Labor casts doubt over nearly half of new members

Party's election c'tee says some 26,000 new registrants may be disqualified; Peretz slams "capitalist media" reports.

By GIL STERN STERN HOFFMAN
July 7, 2011 17:54
2 minute read.
Labor Party

Labor Party 521 (do not publish again). (photo credit: Flash 90)

Labor’s election committee cast a shadow over the party’s membership drive on Thursday when it announced that 26,000 of its 55,000 new members may be rejected due to problems with their credit card or bank details in paying their fees.

The party had announced with great fanfare a month ago that its membership had surpassed 80,000 members.

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But since then, investigations in the media – and now by the party – have found serious problems with the registration drive.

The 26,000 number does not include thousands of membership forms that will be disqualified because registrants illegally tried to join Labor without first rescinding their membership in Kadima, Meretz, or Likud – and hundreds more who had their membership fee paid for by someone who is not a close family member.

“I am proud of the steps we have taken to ensure that our membership rolls will be accurate,” Election Committee chairman Ra’anan Cohen said.

Cohen said that despite the many problems with the drive, the list of new Labor members will be submitted next Friday to the five candidates in the September 12 primary. They will be given five days to issue appeals, and the final list of Labor members will be released July 31.

Hours before the election committee released its findings, Labor leadership candidate Amir Peretz blamed allegations of corruption in the drive on “the capitalist media.”

In remarks aimed at Channel 2 and Yediot Aharonot, he said the probes that discredited new Labor members were false and intended to harm his chances of winning the race.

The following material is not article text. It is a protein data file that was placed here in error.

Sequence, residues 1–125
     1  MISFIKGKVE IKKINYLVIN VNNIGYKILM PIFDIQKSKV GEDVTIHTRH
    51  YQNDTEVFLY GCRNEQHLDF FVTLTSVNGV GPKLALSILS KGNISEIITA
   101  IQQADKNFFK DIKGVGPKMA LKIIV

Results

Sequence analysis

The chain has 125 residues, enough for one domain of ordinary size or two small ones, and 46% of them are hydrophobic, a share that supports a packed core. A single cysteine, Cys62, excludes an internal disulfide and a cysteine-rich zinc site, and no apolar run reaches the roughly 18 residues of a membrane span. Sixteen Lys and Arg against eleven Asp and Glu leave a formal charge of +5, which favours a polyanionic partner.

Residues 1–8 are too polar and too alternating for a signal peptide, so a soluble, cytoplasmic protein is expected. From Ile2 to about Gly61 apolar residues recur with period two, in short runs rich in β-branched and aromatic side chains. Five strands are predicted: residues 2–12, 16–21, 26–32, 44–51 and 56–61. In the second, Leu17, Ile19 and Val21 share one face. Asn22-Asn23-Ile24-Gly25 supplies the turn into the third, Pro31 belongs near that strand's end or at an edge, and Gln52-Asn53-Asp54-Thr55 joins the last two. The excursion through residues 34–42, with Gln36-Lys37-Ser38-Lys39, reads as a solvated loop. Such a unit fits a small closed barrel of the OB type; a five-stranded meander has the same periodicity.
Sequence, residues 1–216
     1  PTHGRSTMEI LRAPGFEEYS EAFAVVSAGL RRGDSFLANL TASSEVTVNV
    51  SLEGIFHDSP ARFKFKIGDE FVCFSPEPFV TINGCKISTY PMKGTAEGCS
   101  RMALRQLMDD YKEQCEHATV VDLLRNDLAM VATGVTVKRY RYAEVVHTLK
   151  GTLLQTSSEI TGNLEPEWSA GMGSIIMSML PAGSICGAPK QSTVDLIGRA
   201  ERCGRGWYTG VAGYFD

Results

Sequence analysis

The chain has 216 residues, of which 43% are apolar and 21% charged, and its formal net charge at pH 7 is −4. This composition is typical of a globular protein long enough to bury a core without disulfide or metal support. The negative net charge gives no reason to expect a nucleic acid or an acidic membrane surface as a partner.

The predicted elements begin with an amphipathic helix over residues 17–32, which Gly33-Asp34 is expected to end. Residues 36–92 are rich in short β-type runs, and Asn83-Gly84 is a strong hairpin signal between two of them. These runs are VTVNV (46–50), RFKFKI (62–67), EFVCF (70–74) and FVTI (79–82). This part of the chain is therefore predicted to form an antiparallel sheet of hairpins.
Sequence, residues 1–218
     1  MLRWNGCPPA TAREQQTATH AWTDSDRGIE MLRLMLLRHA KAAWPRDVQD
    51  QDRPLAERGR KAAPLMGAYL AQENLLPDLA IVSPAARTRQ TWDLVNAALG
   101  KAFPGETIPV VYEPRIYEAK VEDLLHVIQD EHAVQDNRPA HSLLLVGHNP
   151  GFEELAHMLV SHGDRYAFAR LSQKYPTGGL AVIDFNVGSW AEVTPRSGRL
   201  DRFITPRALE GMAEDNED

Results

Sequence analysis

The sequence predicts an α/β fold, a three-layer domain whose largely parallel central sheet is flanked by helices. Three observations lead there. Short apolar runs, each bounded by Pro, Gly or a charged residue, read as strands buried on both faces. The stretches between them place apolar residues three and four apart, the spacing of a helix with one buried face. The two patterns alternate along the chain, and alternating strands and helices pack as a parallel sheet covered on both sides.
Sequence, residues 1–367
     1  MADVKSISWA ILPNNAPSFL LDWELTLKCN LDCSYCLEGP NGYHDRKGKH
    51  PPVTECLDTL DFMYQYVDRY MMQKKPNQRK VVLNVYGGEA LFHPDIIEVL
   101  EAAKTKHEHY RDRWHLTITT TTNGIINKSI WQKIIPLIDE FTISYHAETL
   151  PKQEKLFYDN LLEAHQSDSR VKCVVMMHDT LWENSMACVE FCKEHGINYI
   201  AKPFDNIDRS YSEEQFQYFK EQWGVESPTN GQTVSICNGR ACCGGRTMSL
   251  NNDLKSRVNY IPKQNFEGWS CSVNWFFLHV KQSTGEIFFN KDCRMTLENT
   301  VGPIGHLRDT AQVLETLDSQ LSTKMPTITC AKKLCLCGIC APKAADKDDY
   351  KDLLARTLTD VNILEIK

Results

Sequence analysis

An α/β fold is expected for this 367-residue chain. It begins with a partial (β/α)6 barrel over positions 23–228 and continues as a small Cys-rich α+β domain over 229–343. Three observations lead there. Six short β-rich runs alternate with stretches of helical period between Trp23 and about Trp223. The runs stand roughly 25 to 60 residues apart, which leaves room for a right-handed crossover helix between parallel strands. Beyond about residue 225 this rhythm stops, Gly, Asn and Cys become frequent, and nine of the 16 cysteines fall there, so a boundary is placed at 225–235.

“Knowing that newspapers like to use the word ‘research,’ I checked these investigative reports,” Peretz said. “To me, distortion, and using only half the truth, is worse than outright lying.”

At a Tel Aviv press conference with Union of Local Authorities chairman Shlomo Buhbut, who endorsed Peretz after quitting the race last week, Peretz said the Left needed to wake up.

“The peace camp must realize that drinking espresso and analyzing the world from a Tel Aviv cafe won’t bring change,” Peretz said. “It might be easier for the peace camp to turn inward, but this is too fateful a time for that.”

A Shvakim Panorama poll broadcast on Israel Radio on Thursday found that former Labor chairman Amram Mitzna was most popular among the general public, while people who voted for Labor in the last election preferred MKs Isaac Herzog and Shelly Yacimovich.

Among the general public, 28 percent favored Mitzna; 19% Herzog, 16.5% Yacimovich; 16% Herzog; and 4% venture capitalist Erel Margalit.

Among Labor voters in the last election, 24.4% support Herzog; 24.1% Yacimovich; 19% Mitzna; 15.5% Peretz; and 3.2% Margalit.

Peretz’s associates reacted to his poor performance in the polls by noting that Labor members would decide who their next leader will be, not the general public.

They added that the people who voted Labor in the last election were voting for former Labor chairman Ehud Barak, so it was unsurprising that Peretz does not fare well among them.


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